Eminent Chinese of the Ch'ing Period/Yin Chia-ch'üan

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YIN Chia-ch'üan 尹嘉銓 (了端, 隨五, 古稀老人), May 21, 1711–1781, official and writer, was a native of Po-yeh, Chihli, the eldest son of Yin Hui-i 尹會一 (元孚, 1691–1748), a scholar who shortly before his death was appointed vice-president of the Board of Civil Office. Yin Chia-ch'üan graduated as chü-jên in 1735, but failed to qualify in the chin-shih examinations. This failure, however, does not seem to have hampered his career, owing possibly to his father's eminence. He was appointed to minor offices in the Board of Punishments at Peking, and by 1763 was intendant of the Chi-Tung-T'ai-Wu-Lin Circuit in Shantung. During the ensuing years he occupied provincial posts in Shansi, Shantung, and Kansu, until 1774 when he was recalled to Peking as director of the Court of Judicature and Revision. In the following year the Emperor was urged to degrade and transfer him for failure to report on a secret society in Kansu when he was lieutenantgovernor of that province (1771–74), but the suggestion was ignored. When in 1778, owing to a Mohammedan uprising in Kansu, a second proposal for his dismissal was made, the Emperor permitted him to retire without, however, depriving him of his rank. Three years later (April 11, 1781) when the Emperor was returning from a pilgrimage to Wu-t'ai Shan by way of Paoting, Yin dispatched his son from Po-yeh to request a posthumous title for his father, the above-mentioned Yin Hui-i. The Emperor was obviously irritated by the proposal, and Yin should have taken the hint, but did not. He again proposed that the tablets of T'ang Pin, Chang Po-hsing, Fan Wên-ch'êng, Li Kuang-ti and Gubadai [qq. v.] be admitted to the Confucian temple—adding to the list, half apologetically, the name of his father. This was too much. After the court had reviewed the evidence in the case, the Emperor ordered that Yin be arrested and sentenced and that a thorough search be made for disrespectful or seditious comments in his writings. These were found in abundance, in particular, remarks on political societies which the Emperor had good reason to dread.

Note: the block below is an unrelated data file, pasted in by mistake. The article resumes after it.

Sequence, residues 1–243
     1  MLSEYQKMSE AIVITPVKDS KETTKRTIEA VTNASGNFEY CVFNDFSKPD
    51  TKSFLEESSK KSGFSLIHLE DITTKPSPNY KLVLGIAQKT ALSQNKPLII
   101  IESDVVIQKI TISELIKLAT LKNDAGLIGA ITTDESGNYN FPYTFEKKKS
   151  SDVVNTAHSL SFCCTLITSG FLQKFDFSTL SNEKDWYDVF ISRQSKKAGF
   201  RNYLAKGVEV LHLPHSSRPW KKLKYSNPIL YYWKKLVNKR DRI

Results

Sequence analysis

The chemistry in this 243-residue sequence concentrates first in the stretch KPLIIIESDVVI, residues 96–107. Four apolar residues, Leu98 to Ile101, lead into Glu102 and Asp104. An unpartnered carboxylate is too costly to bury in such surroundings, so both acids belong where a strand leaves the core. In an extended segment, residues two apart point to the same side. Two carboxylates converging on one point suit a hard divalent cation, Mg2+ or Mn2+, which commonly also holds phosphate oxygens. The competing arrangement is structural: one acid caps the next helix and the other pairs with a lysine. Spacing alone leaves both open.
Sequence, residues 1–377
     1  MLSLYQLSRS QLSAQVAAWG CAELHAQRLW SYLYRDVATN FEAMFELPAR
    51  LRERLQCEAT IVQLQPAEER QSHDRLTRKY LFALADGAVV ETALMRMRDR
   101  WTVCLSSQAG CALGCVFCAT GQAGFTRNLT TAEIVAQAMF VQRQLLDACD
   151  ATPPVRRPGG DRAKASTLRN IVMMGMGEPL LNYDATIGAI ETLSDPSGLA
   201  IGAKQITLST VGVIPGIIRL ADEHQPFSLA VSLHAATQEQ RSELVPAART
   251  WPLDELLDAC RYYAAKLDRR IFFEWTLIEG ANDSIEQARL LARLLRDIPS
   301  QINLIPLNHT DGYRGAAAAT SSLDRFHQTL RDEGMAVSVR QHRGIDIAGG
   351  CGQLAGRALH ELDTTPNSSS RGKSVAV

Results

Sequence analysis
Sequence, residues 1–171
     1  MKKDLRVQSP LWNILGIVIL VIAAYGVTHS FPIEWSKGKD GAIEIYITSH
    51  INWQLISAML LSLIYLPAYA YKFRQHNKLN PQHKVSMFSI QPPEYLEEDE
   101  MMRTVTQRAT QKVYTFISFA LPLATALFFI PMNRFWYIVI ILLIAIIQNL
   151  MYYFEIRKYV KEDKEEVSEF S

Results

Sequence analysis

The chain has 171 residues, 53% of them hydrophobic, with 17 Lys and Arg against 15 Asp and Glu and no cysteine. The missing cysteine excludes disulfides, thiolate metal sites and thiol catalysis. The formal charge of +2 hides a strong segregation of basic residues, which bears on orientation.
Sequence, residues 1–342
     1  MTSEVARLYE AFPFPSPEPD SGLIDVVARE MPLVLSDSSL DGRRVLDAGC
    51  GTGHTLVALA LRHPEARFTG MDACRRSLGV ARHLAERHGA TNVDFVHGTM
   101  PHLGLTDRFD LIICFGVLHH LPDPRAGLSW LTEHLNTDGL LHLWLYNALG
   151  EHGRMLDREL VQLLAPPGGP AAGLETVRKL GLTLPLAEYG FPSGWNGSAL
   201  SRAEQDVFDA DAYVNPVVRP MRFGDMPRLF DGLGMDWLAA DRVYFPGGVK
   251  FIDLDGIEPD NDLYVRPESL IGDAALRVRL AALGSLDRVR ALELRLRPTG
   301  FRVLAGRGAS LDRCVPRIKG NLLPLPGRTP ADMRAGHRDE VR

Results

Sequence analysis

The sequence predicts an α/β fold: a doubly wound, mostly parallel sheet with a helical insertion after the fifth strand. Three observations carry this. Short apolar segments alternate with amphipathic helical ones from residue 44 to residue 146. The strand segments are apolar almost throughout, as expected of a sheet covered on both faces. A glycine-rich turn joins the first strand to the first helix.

The sequel was a sentence (May 10, 1781) of "immediate death by strangulation" (絞立決 chiao li-chüeh) for Yin Chia-ch'üan, confiscation of his property, and complete destruction of his writings, including even those carved on monuments at various sites in Shantung, Shansi, and Kansu—but mercy for his family. According to an unsubstantiated account, this sentence was not actually carried out. It is alleged that the Emperor, despite denunciatory decrees, was really fond of him, one factor being that the ages of the two men almost exactly coincided. Hence we are informed that the Emperor privately sent a messenger to the jail and, after a brief personal interview with Yin in the Palace, took pity on him, even laughed at him, and let him return unnoticed to his home. On the other hand, it must be remembered that the sentence of li-chüeh was as a rule summarily carried out. Moreover the official record, written six days after the sentence was pronounced, speaks of Yin's brother-in-law, Li Shou-ch'ien (see under Li Tu-no), being questioned for coming to Peking on behalf of his sister (Yin's wife) to look after the funeral.

Yin Chia-ch'üan may not have been a great writer, but he was certainly a prolific one, in frequent demand for poetic effusions and prefaces. More than one hundred items are attributed to him: volumes of poetry, essays, a family genealogy, an autobiographical nien-p'u, memorials, collections of sayings of famous ministers of the Ch'ing period, comments on parts of the Confucian canon, etc. These were one and all blotted out of existence. Even a preface which his wife (née Li 李) wrote for a work originally composed in the T'ang dynasty was extracted and burned. Thus did the literary labors of one of the most cultured families of Chihli province, in the eighteenth century, go almost for naught.


[2/18/3a; Ch'ing-tai wên-tzŭ yü tang (see bibl. under Huang T'ing-kuei (no. 6; Ch'ing-pai lei-ch'ao (see bibl. under Hung-li) vol., 8 p. 130; 上諭條例 Shang-yü t'iao-li, Ch'ien-lung 46 hsia-chi 103–126; Po-yeh hsien-chih (1767) 4/7b; Lü Chih, Yin Shao-tsai kung nien-p'u (1749), chronological biography of Yin Hui-i.]

L. Carrington Goodrich